#Snowpack/Runoff news: North Platte River Basin best in state = 102% of normal

Westwide SNOTEL basin-filled map April, 24, 2018 via the NRCS.

From Steamboat Today (Tom Ross):

Despite subpar snow accumulation in the heart of winter 2017/18, the snowpack in the mountains near Steamboat Springs — and with it, the water supply that refresh the river — has continued deeper into the spring than is normal.

Karl Wetlaufer, a hydrologist with the Natural Resources Conservation Service told Steamboat Today in May 2017 that snowpack typically peaks in this region April 10. The good news for irrigators and paddlers is that the snowpack has continued to build into April 2018.

Improbably, the meager snowpack that accumulated in January and February has been compensated for by heavy spring snow at elevations above 9,000 feet. And that bodes well for filling reservoirs and fueling kayak play parks.

The Yampa peaked at 2,640 cfs in 2017.

The view of the upper Yampa Valley from the west side of Rabbit Ears Pass this week belies the amount of water yet to flow from the southern end of the Park Range and feed spring runoff in the Yampa River.

From a pullout on U.S. Highway 40, it was plain to see April 21 that the valley floor was completely devoid of snow and low elevation runoff from the hay meadows is complete.

The Yampa River was flowing well below the median for the date at 320 cubic feet per second April 22, according to the U.S. Geological Survey. But that same day, the river began to rise steeply until it reached 600 cfs on April 24.

That flow was still a little more than 200 cfs below median for the date. But the current trend doesn’t necessarily signal a weak spring runoff.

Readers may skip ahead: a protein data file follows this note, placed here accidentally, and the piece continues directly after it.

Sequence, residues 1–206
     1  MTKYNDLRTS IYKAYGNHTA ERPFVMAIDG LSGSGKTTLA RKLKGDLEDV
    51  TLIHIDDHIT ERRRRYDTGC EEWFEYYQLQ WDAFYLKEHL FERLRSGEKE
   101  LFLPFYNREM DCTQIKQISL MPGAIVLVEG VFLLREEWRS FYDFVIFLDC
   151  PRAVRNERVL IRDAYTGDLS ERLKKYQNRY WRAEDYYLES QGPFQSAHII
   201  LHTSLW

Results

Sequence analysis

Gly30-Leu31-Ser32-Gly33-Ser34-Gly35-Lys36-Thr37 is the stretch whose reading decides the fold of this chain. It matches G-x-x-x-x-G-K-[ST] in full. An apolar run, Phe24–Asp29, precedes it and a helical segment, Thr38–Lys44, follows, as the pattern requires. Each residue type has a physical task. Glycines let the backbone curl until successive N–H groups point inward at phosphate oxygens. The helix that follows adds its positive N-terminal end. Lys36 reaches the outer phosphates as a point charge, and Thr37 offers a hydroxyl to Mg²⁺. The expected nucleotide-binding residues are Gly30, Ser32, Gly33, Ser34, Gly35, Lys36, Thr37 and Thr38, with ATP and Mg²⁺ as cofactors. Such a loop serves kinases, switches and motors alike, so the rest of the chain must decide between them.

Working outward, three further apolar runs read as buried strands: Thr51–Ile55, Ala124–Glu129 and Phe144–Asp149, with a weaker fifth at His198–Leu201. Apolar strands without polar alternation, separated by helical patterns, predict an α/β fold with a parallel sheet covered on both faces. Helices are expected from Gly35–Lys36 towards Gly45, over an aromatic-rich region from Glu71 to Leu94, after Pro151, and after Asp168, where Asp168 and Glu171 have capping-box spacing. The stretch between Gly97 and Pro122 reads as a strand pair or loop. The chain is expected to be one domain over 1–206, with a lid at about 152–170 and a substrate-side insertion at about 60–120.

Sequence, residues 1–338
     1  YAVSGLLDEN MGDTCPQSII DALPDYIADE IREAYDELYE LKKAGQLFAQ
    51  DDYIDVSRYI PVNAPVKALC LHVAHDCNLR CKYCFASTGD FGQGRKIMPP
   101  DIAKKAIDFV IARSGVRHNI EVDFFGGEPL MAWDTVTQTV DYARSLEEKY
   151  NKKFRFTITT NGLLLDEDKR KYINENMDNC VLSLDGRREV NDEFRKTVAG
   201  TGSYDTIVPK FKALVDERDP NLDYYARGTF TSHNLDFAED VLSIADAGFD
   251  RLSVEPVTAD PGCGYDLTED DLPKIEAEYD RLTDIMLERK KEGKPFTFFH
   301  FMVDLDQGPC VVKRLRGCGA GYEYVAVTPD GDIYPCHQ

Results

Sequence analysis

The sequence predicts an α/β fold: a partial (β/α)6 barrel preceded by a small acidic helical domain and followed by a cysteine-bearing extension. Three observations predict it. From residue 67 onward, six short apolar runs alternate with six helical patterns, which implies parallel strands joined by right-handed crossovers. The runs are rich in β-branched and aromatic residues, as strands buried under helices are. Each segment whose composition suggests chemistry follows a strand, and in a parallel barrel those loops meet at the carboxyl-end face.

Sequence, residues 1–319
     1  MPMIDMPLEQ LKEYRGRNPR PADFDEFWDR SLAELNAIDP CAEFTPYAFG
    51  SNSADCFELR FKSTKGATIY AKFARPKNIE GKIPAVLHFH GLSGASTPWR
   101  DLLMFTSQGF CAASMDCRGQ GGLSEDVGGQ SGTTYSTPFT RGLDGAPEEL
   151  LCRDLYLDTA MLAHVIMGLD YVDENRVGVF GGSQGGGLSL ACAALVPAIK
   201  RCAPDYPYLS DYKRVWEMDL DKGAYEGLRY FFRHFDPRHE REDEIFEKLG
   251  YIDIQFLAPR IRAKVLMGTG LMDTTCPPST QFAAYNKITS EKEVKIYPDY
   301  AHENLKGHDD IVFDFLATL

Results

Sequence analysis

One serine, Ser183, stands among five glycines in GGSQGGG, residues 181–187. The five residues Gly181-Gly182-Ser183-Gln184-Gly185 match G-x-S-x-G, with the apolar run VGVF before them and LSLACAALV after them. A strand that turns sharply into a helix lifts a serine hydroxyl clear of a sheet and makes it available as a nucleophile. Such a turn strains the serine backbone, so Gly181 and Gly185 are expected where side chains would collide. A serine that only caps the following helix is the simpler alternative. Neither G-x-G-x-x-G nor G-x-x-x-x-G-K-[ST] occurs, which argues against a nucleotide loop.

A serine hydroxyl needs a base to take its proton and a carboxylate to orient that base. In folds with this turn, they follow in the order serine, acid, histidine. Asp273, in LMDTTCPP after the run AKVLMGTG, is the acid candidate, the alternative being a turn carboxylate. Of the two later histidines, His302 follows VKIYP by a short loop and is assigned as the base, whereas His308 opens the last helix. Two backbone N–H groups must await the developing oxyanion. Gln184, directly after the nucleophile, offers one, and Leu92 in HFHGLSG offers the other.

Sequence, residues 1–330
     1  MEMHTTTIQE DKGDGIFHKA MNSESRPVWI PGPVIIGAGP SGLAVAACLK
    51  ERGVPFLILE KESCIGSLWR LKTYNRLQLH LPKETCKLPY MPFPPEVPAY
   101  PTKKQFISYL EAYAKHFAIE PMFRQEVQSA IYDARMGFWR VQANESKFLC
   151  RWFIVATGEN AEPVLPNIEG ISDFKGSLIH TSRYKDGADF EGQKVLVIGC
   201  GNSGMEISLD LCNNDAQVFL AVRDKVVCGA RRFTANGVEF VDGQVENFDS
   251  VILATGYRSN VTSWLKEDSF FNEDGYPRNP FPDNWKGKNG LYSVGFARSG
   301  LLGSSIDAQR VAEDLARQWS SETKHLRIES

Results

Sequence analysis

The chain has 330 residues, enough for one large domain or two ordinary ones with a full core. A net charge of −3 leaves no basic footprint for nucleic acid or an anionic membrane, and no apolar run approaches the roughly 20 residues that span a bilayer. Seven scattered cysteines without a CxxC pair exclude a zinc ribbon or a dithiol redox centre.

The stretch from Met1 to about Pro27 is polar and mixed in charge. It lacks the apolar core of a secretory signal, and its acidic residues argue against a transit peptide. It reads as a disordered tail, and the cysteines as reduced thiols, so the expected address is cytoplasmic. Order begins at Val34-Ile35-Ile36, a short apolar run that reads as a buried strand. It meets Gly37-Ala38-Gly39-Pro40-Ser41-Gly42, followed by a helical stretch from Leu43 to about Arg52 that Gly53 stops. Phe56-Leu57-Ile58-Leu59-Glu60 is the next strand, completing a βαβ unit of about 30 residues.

The Conservation Service was reporting Tuesday that the water stored in the remaining snow in the mountains of the Yampa/White River Basin has climbed to 89 percent of median this spring. On the west side of Rabbit Ears Pass, the number is 93 percent of median.

Colorado snow survey supervisor Brian Domonkos reported this month that Northwest Colorado represents the healthiest snowpack in the state. And the Colorado Basin River Forecast Center in Salt Lake City, Utah, predicts the Yampa will begin to climb through April 29 to almost 700 cfs when the National Weather Service expects daily high temperatures on the valley floor to range into the mid- to high-60s on Friday and Saturday.

From Steamboat Today (Matt Stensland):

After a winter of below-average snowfall, Steamboat Springs water providers have implemented Stage 2 water restrictions that will go into effect Tuesday.

The restrictions will impact customers of Mount Werner Water, the city of Steamboat Springs, Steamboat II Metro District and Tree Haus Metro District.

Among the restrictions, homeowners will only be allowed to water their lawns on certain days in an effort to conserve water…

As of Tuesday, the snowpack on Buffalo Pass was 91 percent of average. For most of the winter the snowpack was below 80 percent of average.

Before enacting restrictions, water providers also look at long-term weather forecasts.

According to the three-month outlook prepared by the National Oceanic and Atmospheric Administration, there is a 33 percent chance that precipitation in the region will be below average during the next three months. There is a 40 percent chance that the temperatures will be above average…

During Stage 2 water restrictions, no outdoor watering is allowed between 10 a.m. and 6 p.m.

People with an odd-numbered address are only allowed to water on Monday, Thursday and Saturday. Those with an even-numbered address can water Sunday, Tuesday and Friday. No one is allowed to water on Wednesdays.

If one irrigation system is used by multiple addresses, either schedule can be used.

Special permits can be issued for new lawns and trees.

People washing their vehicles at home should use a bucket and a spring-loaded hose nozzle.

Drinking water should not be used to clean hard surfaces like driveways and sidewalks.

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